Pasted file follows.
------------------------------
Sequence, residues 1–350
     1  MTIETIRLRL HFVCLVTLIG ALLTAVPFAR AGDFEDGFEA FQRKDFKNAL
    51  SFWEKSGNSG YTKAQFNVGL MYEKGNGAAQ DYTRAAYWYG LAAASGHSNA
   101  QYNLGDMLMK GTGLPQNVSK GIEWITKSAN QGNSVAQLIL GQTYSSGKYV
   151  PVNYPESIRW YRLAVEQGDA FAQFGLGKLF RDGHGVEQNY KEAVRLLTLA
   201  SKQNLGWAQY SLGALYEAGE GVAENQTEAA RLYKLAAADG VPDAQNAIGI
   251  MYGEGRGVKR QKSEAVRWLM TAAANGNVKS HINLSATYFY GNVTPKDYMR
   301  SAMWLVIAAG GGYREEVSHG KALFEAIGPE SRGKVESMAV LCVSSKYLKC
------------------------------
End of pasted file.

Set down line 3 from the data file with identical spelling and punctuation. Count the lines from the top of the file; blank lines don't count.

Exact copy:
    51  SFWEKSGNSG YTKAQFNVGL MYEKGNGAAQ DYTRAAYWYG LAAASGHSNA